Today's NYTimes article, "Has the Romance Gone? Was it the Drug?" highlights a major problem with today's psychopharmaceuticals, side effects. "Up to 70 percent of patients on antidepressants report sexual side effects," the article reports. But the problem does not end there.
"We know that there are real sexual problems associated with serotonin-enhancing medications," said Dr. Helen Fisher, author of "Why We Love: The Nature and Chemistry of Romantic Love". "But when you cripple a person's sexual desire and arousal, you're also jeopardizing their ability to fall in love and to stay in love."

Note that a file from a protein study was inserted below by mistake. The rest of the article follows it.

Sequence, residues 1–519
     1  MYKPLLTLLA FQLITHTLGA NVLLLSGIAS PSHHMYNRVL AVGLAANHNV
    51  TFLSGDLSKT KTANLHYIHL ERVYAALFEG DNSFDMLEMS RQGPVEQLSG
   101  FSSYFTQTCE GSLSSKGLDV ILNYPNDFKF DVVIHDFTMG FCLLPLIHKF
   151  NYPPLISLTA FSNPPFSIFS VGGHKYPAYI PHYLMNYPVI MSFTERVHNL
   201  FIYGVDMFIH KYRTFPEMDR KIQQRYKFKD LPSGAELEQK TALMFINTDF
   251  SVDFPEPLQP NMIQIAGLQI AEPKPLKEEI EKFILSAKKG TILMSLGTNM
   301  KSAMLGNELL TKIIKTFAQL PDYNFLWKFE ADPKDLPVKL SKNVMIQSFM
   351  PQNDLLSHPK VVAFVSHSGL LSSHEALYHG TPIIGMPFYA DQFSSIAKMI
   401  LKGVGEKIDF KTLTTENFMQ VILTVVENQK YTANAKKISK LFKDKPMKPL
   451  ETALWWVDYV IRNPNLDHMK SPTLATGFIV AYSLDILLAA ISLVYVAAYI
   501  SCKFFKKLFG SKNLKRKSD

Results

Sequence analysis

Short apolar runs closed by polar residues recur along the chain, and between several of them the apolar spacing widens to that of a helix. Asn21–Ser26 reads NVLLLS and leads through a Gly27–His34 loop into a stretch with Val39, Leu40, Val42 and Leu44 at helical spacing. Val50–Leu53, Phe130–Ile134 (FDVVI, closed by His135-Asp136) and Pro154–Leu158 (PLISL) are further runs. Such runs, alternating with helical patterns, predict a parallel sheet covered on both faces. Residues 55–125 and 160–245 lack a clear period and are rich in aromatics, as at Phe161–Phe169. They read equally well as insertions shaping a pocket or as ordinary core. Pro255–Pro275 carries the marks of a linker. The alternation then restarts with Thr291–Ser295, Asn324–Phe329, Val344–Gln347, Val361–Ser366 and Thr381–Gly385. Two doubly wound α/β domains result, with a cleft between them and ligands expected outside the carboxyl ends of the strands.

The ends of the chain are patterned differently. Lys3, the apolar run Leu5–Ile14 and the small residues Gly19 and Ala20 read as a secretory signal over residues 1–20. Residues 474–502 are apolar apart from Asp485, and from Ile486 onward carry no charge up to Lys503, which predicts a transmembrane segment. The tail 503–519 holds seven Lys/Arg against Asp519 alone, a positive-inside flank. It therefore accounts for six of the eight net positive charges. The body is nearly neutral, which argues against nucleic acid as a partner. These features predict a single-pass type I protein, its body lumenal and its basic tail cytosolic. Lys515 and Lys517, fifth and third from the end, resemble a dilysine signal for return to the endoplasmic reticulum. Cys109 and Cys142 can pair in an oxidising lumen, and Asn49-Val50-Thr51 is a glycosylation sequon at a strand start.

Dr. Fisher and a colleague, Dr. Anderson J. Thomson Jr., have studied the brains of people in love and pored over research from the last 25 years on the neurological basis of romance.
Three brain systems, all interrelated, the researchers say, control lust, attraction and attachment. Each runs on a different set of chemicals. Lust is fueled by androgens and estrogens. Attachment is controlled by oxytocin and vasopressin. And attraction, they say, is driven by high levels of dopamine and norepinephrine, as well as low levels of serotonin. As a result, they say, increasing levels of serotonin with antidepressants can cripple the sex drive but also set off an imbalance among the three systems."
So how might we develop an anti-depressant that increases lust? Or is that even possible?